Profile of a typical Jamaican gambler
Jamaica’s first investigation of adult gambling is now out and it has offered up interesting perspectives on persons who gamble.
The typical gambler in Jamaica is likely to be male and in the lower-income bracket, numbering among the 62.5 per cent of the total population that played games for money in their lifetime.
Just over a third – 34.4 per cent – reported playing games in the last 12 months, while 26.9 per cent said they did so in the last three months at the time of the 2021 survey funded by the Betting, Gaming and Lotteries Commission, through RISE Life Management Services. The research was carried out by RISE Life in collaboration with Hope Caribbean Company.
Between August and November 2021, researchers conducted a total of 2,001 interviews among persons between the ages of 18 and 65. The survey has a margin of error of plus or minus five per cent.
The typical gambler in Jamaica was found to be spending between $600 and $3,000 on the main activities engaged in over the past 12 months.
Off-track betting, card games, and poker emerged as the top three activities on which respondents spent the largest amount of money.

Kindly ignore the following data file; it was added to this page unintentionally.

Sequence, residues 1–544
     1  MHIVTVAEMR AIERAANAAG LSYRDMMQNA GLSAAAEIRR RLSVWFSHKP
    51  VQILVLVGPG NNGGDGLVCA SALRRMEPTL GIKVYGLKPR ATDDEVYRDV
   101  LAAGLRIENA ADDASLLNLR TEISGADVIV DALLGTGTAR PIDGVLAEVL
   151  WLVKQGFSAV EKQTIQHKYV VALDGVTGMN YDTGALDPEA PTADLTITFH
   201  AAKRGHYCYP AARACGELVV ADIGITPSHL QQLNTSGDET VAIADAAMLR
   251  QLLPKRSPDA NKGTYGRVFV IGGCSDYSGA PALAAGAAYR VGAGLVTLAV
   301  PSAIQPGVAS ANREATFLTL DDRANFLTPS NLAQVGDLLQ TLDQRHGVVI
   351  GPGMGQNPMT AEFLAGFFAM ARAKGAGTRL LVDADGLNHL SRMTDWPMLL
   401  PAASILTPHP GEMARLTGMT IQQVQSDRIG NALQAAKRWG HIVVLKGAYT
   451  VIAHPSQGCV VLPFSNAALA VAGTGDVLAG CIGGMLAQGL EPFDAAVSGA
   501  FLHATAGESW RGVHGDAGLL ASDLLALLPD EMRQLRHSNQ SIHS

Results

Among those surveyed, a little under three-quarters – or 73 per cent – of households had at least one person in full-time employment. Just over half the households (52 per cent) had monthly incomes of $100,000 or less.
Overall, males were more likely to report engaging in all of the main types of gambling activities over the course of their lifetime. Males in the younger age cohorts – specifically those between 25 and 29 (57 per cent) and those between 18 and 24 (47.2 per cent) – as well as those living in urban areas were significantly more likely to have high support towards gambling.
Older people were found to have grown into gambling. Lifetime engagement of lotteries and other similar games of chance generally increased with age. Fifty-seven per cent on those between 40 and 49 who gambled showed lifetime involvement while 57.4 per cent of those between 50 and 59 who engaged in such activities had done so over a lifetime.
The average age that most respondents first gambled was 18 years old.
Persons over 60 years and those between 18 and 24 years were found to be less likely than those in other age groups to report overall engagement in gambling activities in the past three to 12 months.
The information in the survey is expected to form a baseline study for gambling in Jamaica. The researchers say further study is needed to track behaviour and the prevalence of gambling and how it stacks up with other counties that have studied the problem.